James Martineau and Henry Sidgwick

At the end of the 19th Century, James Martineau developed a theory that held that the moral quality of an act depends on the quality of the motive from which it sprang. We determine the quality of a motive by simply reflecting on it. God himself has written these moral facts into our brain and we can determine which is the greater motive by holding them side by side in our minds and drawing a comparison. By knowing the relative value of each motive, and knowing which act is recommended by each, we can know what to do in a given situation.

Henry Sidgwick argued against Martineau that this account fails on two significant grounds.

First, it fails to account for negligence. An act of negligence does not spring from bad motives. The negligent person does not set out to do any harm, and generally regrets the fact that harm resulted from his actions. The drunk driver only wants to get home. The farmer who fails to secure the load he is carrying only wants to deliver the material. The harm that comes from their actions is entirely unintentional.

Second, it fails to account for the possibility of performing a right action from less-than-noble motives. A vicious neighbor who wants to harm the neighbor who mowed his grass early on a Sunday morning tells the police that his neighbor molests children. He has known about this for quite some time, but did not care to act until he wanted vengeance for this Sunday disturbance. It is certainly the case that he ought to have reported his neighbor, but his act does not spring from any good motive.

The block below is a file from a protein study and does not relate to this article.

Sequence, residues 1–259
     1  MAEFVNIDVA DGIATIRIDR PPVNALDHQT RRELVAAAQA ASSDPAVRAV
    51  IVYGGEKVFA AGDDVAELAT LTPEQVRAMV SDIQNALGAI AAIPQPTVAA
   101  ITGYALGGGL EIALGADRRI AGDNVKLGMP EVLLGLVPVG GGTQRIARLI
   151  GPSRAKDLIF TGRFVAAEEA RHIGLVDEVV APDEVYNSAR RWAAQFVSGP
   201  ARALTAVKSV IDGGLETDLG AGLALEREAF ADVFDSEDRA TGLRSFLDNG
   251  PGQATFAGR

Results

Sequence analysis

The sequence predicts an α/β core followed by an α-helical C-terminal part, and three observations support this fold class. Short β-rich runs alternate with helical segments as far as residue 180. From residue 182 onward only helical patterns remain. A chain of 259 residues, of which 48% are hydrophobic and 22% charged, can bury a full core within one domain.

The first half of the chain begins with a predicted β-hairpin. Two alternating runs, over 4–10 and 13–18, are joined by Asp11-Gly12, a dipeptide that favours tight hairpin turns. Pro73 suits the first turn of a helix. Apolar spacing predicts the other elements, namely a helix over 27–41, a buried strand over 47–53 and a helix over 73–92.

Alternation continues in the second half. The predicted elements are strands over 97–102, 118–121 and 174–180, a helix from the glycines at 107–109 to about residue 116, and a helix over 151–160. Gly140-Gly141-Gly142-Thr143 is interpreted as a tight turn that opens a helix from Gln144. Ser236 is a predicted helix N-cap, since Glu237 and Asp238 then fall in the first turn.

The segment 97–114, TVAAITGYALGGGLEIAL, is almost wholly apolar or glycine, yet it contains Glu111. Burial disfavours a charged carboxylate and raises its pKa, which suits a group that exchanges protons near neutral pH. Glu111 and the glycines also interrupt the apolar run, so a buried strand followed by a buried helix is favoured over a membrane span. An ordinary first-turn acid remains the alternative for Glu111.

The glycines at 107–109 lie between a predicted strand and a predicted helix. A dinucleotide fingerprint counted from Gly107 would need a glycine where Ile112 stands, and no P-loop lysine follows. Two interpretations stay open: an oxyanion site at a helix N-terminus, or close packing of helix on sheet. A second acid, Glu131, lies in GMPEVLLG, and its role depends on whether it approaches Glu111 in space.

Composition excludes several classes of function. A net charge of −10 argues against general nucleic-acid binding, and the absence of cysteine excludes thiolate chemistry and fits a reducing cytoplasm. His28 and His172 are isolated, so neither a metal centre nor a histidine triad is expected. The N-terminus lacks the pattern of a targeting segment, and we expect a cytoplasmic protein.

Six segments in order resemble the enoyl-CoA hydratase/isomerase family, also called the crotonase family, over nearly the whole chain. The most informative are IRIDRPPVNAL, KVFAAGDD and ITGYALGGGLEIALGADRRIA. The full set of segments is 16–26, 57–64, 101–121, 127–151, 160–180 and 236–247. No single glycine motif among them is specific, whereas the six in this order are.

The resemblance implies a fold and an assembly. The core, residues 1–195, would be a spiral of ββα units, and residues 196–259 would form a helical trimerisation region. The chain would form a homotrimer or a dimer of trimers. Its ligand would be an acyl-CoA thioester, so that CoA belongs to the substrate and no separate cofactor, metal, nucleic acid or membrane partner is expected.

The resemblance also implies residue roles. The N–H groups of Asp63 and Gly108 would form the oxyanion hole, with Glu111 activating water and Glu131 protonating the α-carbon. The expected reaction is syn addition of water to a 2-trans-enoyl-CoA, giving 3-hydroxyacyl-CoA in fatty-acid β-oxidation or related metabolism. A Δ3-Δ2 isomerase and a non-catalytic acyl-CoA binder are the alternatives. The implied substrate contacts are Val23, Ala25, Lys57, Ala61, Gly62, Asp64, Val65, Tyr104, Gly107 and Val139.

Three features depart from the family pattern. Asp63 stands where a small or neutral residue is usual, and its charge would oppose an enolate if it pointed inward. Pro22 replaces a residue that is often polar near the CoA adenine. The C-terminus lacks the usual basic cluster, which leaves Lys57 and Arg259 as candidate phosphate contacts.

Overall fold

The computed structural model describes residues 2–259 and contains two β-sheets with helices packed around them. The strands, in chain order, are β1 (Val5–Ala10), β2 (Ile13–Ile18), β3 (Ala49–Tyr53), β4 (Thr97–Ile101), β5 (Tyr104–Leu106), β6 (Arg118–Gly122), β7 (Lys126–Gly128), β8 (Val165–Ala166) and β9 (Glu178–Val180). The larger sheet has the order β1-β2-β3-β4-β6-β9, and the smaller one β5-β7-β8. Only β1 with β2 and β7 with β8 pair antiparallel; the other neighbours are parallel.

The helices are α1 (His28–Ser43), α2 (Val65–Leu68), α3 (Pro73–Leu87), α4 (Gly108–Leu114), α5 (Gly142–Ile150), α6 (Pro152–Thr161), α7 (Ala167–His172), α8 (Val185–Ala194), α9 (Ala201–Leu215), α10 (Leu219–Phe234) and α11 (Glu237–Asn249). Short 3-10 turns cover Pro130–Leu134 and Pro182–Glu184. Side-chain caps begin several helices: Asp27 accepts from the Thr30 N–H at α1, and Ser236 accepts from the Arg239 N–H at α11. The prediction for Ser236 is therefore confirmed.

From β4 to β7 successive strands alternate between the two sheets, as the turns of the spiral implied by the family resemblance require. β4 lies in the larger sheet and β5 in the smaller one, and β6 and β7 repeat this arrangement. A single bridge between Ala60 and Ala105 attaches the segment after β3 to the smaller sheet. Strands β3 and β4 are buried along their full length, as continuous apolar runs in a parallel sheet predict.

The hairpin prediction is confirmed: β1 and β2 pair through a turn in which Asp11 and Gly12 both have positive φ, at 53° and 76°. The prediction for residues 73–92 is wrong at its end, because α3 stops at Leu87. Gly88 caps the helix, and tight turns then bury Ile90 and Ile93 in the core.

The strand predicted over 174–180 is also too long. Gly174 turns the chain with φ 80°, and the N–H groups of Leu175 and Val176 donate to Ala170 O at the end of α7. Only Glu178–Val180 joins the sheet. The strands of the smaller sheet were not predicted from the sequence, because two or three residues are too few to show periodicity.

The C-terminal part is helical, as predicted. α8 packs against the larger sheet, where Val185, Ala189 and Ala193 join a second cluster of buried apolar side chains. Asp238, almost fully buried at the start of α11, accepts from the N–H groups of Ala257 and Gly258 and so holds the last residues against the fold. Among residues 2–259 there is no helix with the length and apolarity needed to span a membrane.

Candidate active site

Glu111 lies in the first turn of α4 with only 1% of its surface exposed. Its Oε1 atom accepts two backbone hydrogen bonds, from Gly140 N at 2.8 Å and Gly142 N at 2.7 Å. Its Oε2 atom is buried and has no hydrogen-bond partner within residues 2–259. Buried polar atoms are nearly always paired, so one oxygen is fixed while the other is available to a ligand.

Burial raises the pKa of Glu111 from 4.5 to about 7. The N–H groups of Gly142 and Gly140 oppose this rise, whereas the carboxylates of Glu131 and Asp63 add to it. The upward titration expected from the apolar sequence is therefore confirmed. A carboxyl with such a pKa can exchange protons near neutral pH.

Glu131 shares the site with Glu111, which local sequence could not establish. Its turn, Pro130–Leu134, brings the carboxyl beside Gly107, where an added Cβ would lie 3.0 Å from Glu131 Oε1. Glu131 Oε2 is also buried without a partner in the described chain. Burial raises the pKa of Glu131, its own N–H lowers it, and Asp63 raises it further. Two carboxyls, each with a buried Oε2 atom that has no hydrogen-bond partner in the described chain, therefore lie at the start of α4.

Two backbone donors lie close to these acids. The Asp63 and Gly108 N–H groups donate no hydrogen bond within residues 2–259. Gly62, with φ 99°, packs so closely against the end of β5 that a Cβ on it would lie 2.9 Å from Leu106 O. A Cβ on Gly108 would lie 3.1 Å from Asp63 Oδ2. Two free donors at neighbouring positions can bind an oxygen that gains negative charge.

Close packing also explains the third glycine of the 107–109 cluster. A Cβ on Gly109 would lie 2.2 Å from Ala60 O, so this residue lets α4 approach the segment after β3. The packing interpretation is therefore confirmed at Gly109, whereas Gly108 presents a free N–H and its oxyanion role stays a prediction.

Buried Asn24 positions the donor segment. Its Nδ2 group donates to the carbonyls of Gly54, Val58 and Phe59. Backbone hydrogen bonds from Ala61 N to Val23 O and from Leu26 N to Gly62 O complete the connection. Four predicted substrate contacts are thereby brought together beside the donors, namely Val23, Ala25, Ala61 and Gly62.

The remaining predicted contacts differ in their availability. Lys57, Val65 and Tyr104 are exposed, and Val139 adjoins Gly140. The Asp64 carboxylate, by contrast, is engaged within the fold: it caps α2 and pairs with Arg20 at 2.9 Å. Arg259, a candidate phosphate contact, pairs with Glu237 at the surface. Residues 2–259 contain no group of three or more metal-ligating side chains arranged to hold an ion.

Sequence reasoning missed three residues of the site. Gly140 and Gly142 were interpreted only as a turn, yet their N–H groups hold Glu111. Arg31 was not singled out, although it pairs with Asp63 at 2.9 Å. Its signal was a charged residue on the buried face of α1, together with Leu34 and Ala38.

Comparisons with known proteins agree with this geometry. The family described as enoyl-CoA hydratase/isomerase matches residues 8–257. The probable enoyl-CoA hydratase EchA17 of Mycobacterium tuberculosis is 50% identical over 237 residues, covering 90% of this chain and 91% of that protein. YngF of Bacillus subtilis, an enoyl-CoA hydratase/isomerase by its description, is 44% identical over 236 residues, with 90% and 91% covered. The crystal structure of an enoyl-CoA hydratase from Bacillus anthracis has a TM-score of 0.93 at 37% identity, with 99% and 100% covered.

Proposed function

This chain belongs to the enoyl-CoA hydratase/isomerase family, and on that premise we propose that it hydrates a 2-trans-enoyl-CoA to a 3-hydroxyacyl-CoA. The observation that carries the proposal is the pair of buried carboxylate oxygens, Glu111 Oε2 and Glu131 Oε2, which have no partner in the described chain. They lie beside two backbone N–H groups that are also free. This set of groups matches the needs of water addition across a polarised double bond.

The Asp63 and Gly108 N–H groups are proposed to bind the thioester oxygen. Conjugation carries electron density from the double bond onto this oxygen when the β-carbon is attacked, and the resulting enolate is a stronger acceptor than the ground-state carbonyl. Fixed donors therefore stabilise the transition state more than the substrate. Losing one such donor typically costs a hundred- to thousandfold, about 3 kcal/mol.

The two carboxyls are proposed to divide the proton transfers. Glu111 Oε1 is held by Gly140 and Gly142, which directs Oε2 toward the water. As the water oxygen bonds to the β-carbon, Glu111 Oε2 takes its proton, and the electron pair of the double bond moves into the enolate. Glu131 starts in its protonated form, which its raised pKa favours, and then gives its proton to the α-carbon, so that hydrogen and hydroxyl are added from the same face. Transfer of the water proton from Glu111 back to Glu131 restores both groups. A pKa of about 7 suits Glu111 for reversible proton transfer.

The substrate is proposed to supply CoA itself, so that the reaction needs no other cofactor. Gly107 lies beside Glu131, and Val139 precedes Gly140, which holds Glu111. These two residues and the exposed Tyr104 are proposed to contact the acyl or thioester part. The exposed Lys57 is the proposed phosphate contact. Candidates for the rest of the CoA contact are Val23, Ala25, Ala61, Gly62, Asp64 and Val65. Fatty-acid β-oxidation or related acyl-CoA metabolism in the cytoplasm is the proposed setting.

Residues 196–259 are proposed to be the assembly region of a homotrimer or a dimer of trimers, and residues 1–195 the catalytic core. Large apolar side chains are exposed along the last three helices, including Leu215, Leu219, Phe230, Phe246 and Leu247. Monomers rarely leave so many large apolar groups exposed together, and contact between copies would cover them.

Desirism differs from Martineau's theory in that it understands a right action to be the action that a person with good desires would have performed. It does not look at the actual motives behind the action. A person with good desires has a level of concern for the welfare of others that motivates to prevent harms. This interest keeps him from driving while drunk, and motivates him to properly secure the load on his truck before driving into town. Also, a person with good desires would have reported the neighbor who molests children. He would have done so out of a proper level of concern for the children, rather than to avenge a Sunday morning of disturbed sleep. However, the person seeking revenge is still doing something that a person with good desires also would have done - only for a different reason.

R.M. Hare

In the middle of the 20th century, R M Hare proposed a modified version of Mill's rule utilitarianism.

Hare was a prescriptivist. He denied that moral claims were truth-bearing. Instead, he argued that they were commands like "Close the window," or "Get me a bowl of ice cream." Commands are neither true nor false.

Furthermore, he divided morality into two levels of moral thinking. At the most basic level - the level that most of us use to make our snap moral judgments and to guide our actions - those actions are judged by their conformity to certain rules. We do not have the capacity to judge an act by its consequences. Instead, we learn particular guidelines for action and, at the moment of decision, follow the guidelines.